At a reading in 2013 Obama said, "Reading is important. If you know how to read then the whole world opens up to you." In 2016, Gates told The New York Times that reading, "is one of the chief ways that I learn, and has been since I was a kid."
Both Obama and Gates often share lists of their favorite works and this year, one book stood out to both of them.
"Evicted: Poverty and Profit in the American City," is by Matthew Desmond, a professor of sociology at Princeton University, MacArthur Foundation "Genius" and a Gates Foundation grantee. Desmond spent 18 months living in two high-poverty neighborhoods in Milwaukee, and the resulting book focuses on how housing insecurity impacts low-income communities.
"Melinda and I have been working for some time to learn more about how Americans move up the economic ladder (what experts call mobility from poverty)," writes Gates on his blog. "'Evicted' helped me understand one piece of that very complex question, and it made me want to learn more about the systemic problems that make housing unaffordable, as well as the various government programs designed to help."
On social media, Obama wrote that "Evicted" was one of the best books he read in 2017 and agreed that it was an incredibly inspirational read.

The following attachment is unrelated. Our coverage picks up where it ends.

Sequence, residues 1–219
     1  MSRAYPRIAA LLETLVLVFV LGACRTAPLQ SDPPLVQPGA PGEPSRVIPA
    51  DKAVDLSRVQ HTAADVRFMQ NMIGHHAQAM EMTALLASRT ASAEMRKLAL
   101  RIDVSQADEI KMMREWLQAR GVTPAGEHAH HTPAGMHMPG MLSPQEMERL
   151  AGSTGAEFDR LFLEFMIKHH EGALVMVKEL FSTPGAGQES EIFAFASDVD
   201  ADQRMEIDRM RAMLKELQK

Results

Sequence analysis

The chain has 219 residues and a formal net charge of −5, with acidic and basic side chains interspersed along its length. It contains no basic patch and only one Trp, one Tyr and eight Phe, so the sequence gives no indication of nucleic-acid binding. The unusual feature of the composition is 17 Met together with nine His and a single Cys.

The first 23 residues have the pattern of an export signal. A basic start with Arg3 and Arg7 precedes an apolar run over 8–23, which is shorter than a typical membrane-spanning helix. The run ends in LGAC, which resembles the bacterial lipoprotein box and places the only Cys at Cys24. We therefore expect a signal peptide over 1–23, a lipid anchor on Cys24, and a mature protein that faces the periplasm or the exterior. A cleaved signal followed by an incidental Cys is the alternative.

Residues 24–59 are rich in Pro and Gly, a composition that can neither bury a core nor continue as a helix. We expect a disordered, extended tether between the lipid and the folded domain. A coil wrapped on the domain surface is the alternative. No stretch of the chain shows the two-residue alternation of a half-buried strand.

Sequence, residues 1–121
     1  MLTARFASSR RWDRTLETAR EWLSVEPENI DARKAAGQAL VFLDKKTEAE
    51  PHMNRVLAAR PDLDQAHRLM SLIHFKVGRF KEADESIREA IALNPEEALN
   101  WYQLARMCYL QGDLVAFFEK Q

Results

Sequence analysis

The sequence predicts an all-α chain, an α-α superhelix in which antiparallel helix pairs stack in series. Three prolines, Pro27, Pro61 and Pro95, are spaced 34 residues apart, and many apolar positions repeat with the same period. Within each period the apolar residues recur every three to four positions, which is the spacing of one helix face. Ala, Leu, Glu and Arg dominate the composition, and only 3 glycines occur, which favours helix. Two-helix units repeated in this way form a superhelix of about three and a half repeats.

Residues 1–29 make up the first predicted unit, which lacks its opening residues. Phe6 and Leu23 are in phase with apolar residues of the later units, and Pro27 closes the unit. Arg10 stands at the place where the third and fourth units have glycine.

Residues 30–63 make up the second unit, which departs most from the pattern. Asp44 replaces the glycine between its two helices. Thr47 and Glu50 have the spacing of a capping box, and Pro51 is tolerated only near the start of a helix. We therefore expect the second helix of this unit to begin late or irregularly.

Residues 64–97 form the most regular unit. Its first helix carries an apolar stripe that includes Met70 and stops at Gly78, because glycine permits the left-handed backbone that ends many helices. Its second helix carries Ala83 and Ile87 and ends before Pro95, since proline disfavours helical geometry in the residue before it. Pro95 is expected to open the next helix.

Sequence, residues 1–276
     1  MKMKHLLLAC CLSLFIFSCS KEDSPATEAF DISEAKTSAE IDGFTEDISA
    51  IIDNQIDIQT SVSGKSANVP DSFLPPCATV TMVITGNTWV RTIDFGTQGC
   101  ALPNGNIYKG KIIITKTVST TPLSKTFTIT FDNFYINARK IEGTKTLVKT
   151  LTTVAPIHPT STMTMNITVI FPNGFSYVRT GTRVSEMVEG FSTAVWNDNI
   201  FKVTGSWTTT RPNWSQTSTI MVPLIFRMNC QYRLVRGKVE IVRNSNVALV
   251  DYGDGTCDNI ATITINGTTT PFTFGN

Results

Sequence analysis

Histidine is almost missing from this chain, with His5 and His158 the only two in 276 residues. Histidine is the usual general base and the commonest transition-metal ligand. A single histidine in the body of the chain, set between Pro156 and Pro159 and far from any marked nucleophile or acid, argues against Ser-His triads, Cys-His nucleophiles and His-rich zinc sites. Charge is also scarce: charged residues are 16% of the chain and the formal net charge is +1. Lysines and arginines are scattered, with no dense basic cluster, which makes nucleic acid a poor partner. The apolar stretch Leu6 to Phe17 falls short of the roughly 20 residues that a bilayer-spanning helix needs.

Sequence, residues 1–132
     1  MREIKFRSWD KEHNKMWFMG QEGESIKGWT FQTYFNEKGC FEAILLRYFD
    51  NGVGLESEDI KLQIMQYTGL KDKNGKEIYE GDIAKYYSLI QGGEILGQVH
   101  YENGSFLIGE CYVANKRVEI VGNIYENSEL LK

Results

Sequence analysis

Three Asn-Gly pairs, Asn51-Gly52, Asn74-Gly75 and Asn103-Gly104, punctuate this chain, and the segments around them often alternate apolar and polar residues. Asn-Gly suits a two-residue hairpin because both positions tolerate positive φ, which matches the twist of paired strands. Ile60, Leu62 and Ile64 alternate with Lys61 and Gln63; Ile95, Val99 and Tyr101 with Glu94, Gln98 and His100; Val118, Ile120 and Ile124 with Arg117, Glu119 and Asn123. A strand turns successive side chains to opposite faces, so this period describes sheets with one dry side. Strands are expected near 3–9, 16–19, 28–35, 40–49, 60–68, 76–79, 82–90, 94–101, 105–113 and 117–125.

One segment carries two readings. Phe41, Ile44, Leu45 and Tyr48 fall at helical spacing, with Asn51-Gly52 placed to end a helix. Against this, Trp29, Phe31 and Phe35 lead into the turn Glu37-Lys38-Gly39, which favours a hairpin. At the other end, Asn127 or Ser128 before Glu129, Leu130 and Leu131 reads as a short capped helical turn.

Desmond hopes his book will help leaders like Obama and Gates better understand the interconnection between homelessness and poverty. "I used to think eviction and homelessness were the result of poverty," says the author. "But I came to recognize that eviction is a cause, not just a condition, of poverty in America."
Indeed, Desmond appears to be achieving his goal, with some of the world's most powerful men gaining important understanding from his work.
"When you're paying so much to keep a roof over your head, there's no room for bad luck. A single bad incident can send you reeling," writes Gates. "When someone has to search for a new place to live, they miss work, which cuts back on their pay and makes them more likely to get fired."
"Although the specifics of their lives are unlike anything I have experienced, Desmond makes it easy to empathize," he says. "This book gave me a better sense of what it is like to be very poor in this country than anything else I have read."
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